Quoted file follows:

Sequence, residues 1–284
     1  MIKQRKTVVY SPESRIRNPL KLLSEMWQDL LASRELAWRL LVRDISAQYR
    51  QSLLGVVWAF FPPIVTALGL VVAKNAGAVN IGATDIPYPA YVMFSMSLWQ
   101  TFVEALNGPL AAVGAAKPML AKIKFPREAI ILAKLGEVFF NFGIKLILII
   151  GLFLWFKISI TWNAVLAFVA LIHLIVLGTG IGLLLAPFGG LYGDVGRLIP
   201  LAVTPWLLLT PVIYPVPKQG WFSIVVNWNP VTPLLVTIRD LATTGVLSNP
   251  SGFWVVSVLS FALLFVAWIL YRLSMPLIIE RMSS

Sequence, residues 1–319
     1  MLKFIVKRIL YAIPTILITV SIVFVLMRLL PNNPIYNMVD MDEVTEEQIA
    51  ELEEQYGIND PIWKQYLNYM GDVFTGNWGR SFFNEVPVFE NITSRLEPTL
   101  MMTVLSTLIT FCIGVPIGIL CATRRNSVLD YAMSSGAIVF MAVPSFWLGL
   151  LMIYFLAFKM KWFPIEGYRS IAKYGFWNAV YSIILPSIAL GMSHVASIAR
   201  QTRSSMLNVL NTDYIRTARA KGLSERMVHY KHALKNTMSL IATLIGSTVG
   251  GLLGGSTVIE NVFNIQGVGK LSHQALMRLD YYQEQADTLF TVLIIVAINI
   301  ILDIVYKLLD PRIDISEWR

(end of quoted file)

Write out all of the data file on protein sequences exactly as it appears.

Sequence, residues 1–284
     1  MIKQRKTVVY SPESRIRNPL KLLSEMWQDL LASRELAWRL LVRDISAQYR
    51  QSLLGVVWAF FPPIVTALGL VVAKNAGAVN IGATDIPYPA YVMFSMSLWQ
   101  TFVEALNGPL AAVGAAKPML AKIKFPREAI ILAKLGEVFF NFGIKLILII
   151  GLFLWFKISI TWNAVLAFVA LIHLIVLGTG IGLLLAPFGG LYGDVGRLIP
   201  LAVTPWLLLT PVIYPVPKQG WFSIVVNWNP VTPLLVTIRD LATTGVLSNP
   251  SGFWVVSVLS FALLFVAWIL YRLSMPLIIE RMSS

Sequence, residues 1–319
     1  MLKFIVKRIL YAIPTILITV SIVFVLMRLL PNNPIYNMVD MDEVTEEQIA
    51  ELEEQYGIND PIWKQYLNYM GDVFTGNWGR SFFNEVPVFE NITSRLEPTL
   101  MMTVLSTLIT FCIGVPIGIL CATRRNSVLD YAMSSGAIVF MAVPSFWLGL
   151  LMIYFLAFKM KWFPIEGYRS IAKYGFWNAV YSIILPSIAL GMSHVASIAR
   201  QTRSSMLNVL NTDYIRTARA KGLSERMVHY KHALKNTMSL IATLIGSTVG
   251  GLLGGSTVIE NVFNIQGVGK LSHQALMRLD YYQEQADTLF TVLIIVAINI
   301  ILDIVYKLLD PRIDISEWR